Pixelpark Office Paris – France
In July 2000, the architecture team Edge won the design competition for the new 2500 m2 Pixelpark Office in Paris. Just six months later, the company moved into its new headquarters. Edge, a two-man office made up of François Gillet and Andrés Atela, was established in 1997; it specializes in designs for offices spaces, temporary exhibitions, and showrooms. Both independent architects and teachers, Gillet and Atela live and work in Paris.
For Edge, corporate identity is not only the company’s work but also in the coherent design of its workspace. Pixelpark, a German multimedia company, wanted its Paris headquarters to be a visual interpretation of the company’s philosophy and the company was ready to invest in its team of about 160 employees, some of whom spend often 12 hours a day at their office. When Pixelpark decided to expand, they sought to create a convenient, thematically oriented space that could translate their activity into expressive design and a stimulating workspace.
The architects brought an innovative approach in the design of the common spaces and the organization of the circulation throughout the space. When entering the office, the distinction between the working areas and the common spaces appears simple and clear. With their first large-scale office project, the architects succeeded on both the functional and aesthetic fronts.
Pixelpark occupies five platforms on three floors of a 1960s industrial building built around two courtyards. The neighborhood, in the northeast of Paris near the Canal St-Martin, buzzes with new technology and Internet start-ups. The architects began by establishing a neutral space, emptying the platforms and preparing the technical installations. From this base they started the interior architecture as a set of components. They conceived an infrastructure of strong, playful elements, footbridges, conference rooms and discussion areas that they distributed on the different platforms, structuring the space.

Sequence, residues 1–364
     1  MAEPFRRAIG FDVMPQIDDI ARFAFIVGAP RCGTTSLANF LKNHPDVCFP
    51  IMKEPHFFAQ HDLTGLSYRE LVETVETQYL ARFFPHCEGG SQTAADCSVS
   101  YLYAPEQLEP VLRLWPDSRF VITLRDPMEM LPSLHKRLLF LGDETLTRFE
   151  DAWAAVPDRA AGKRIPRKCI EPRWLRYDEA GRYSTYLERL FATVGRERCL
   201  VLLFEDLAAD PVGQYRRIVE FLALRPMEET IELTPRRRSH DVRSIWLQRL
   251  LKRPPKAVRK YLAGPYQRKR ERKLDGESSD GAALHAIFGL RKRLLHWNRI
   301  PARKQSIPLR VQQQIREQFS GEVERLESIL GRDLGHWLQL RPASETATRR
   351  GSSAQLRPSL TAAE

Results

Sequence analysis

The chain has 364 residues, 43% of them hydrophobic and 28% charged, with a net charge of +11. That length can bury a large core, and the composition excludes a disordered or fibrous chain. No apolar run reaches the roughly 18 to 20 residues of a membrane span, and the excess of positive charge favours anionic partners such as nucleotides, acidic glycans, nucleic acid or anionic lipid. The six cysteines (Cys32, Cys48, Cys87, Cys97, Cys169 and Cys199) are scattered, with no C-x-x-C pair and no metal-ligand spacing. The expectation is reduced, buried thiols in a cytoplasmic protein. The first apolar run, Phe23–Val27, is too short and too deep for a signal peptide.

The five platforms are divided and organized into distinct work zones that are mostly shaped as open-space areas. The concept is to access the offices by slightly elevated footbridges, akin to gangways on ships. These footbridges act as arteries, crossing the platforms to connect the various work areas without encumbering them.
Oval shaped meeting rooms, designed as closed spaces with windows to the exterior, open directly onto the footbridges, as do small common areas with copiers and fax machines. Both are covered by clear wooden panels on the outside and strongly colored in yellow, lime green and slate blue on the inside. The discussion area is designed out of rectangular glass tables and small, quirky stools on wheels turning around the tables combining the practical and the fun.
At the fourth-floor main entrance, the reception and the primary waiting area flow into a larger reception room, which doubles as an presentation, exhibition, and event space. Located on the street side of the building, it gives an impeccable view of the Canal St-Martin. This platform level also includes two seminar rooms for eight to ten people and the administration area as an open space office. The seminar rooms are enclosed by partition walls and are fitted with a glazed façade to benefit from the natural light. Suspended, transparent partitions separate the islet of the dozen administration workstations that are divided into groups of four.